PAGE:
Current version: January 12, 2009 *
* For new appointees, the provisions for identification and review of institutional conflicts of interest related to human subjects research that arise because of the financial interests of an institutional leader will be implemented immediately. It will be in effect for those with existing appointments as of June 30, 2009.
Establishes principles and procedures designed to ensure that research involving human subjects at Stanford University is conducted without untoward influence resulting from either the University's financial investments or holdings or the personal financial interests or holdings of key institutional leaders.
In developing this policyand related procedures, the University has taken into account the issues identified and discussed in "Protecting Patients, Preserving Integrity, Advancing Health: Accelerating Implementation of COI Policies in Human Subjects Research," published in 2008 by the Association of American Medical Colleges (AAMC) and the Association of American Universities (AAU).
For purposes of this policy:
Institutional conflicts of interest are of significant concern when financial interests create the potential for inappropriate influence over the institution's activities, personnel, or resources. The risks of such conflicts include the possibility that the integrity and objectivity of the institution's research may be threatened or may be perceived to be threatened; such risks are particularly acute in human subjects research, when the protection of human subjects may be adversely affected. The principle underlying this policy is that the University is obligated to protect against exposure to these risks as they may affect the integrity of human subjects research or the safety of participants when performed at or under the auspices of the institution.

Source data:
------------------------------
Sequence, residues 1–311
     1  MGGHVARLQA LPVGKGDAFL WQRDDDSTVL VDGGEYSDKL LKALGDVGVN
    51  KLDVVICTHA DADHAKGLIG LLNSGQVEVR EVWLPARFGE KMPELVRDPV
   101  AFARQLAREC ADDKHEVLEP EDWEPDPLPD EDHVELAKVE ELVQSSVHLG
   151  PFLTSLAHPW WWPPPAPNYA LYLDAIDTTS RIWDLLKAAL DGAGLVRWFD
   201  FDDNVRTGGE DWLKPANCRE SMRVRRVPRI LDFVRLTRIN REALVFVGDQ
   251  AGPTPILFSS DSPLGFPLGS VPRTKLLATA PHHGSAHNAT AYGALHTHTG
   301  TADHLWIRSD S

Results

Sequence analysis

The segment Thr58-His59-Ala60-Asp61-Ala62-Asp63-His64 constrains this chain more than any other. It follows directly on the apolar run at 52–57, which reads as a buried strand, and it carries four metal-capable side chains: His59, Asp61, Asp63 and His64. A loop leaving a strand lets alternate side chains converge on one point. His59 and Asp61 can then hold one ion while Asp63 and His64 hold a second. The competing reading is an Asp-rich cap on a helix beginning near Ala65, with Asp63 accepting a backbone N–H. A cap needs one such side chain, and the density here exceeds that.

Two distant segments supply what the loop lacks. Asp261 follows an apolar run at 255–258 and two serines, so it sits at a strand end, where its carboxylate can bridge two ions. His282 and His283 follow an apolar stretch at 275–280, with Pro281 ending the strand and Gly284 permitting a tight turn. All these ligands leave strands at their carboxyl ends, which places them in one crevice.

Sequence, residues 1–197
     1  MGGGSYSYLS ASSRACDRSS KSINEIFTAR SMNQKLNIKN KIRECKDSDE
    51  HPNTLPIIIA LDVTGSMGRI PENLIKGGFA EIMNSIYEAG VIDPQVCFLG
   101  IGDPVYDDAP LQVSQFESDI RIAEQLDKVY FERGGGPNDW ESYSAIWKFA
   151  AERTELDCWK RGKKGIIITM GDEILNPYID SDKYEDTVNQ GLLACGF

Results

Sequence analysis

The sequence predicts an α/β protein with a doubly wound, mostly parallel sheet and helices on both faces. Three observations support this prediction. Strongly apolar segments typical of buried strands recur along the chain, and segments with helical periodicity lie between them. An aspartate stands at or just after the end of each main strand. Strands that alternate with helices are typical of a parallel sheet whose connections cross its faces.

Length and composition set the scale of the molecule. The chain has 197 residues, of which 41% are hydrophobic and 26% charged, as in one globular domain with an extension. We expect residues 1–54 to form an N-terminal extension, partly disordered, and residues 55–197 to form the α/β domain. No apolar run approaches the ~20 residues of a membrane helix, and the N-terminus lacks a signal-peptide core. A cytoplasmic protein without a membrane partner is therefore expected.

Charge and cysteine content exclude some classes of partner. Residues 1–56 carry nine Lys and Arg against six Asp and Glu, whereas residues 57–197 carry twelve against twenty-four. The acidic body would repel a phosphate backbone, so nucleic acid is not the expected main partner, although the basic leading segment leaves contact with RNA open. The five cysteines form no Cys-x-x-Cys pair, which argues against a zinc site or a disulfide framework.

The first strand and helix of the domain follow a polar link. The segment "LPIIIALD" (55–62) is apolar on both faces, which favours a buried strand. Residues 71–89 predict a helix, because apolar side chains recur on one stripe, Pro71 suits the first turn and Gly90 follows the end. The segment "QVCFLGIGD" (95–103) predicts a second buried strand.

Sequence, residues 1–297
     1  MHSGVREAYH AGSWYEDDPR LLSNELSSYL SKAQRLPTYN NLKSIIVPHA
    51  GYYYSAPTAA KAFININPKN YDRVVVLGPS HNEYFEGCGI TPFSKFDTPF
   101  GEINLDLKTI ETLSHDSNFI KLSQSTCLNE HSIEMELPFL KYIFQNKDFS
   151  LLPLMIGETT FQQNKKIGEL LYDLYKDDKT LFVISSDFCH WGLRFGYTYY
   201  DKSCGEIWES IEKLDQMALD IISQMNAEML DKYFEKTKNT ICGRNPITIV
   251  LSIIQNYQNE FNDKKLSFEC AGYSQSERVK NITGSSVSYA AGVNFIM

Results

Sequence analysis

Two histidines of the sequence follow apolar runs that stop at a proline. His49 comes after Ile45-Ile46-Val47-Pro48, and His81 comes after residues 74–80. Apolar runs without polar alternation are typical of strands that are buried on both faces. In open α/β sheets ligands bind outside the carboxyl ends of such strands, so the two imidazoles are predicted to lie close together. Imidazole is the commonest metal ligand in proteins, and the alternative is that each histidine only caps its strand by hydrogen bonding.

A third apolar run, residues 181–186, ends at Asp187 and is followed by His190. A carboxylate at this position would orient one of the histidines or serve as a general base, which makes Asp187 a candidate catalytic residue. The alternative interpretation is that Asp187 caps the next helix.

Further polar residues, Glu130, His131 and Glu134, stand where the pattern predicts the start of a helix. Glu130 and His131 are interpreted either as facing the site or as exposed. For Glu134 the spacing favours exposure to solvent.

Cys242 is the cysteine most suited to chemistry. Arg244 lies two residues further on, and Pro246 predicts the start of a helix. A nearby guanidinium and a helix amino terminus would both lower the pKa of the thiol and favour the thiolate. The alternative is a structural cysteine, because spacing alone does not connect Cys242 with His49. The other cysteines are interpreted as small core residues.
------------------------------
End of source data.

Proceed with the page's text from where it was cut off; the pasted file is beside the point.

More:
This policy recognizes the principle that individual scholars at Stanford are free to select the subject matter of their research and to seek support from any source for their work, under provisions that are stated in the Principles Concerning Research (RPH 2.1). This ICOI policy for research involving human subjects provides a process to address circumstances in which an ICOI has the potential to impact a faculty member's research adversely if it is not managed appropriately or eliminated.
When Stanford University licenses technology or other intellectual property, it may receive equity in a company as a result of that license and/or a royalty or other fee as compensation for the use of that intellectual property and may also receive equity or other financial interests as part of a co-investment in the company by the University. An institutional conflict of interest is created if an investigator at Stanford undertakes to do human subjects research on a drug, device, biologic or other item on which Stanford has a patent, has licensed the intellectual property, or receives royalties or other fees. Stanford will divest itself of such financial interest (both equity and royalty) to eliminate the ICOI as soon as the divestiture can practically be accomplished.Procedures for identification and elimination of ICOI related to licensing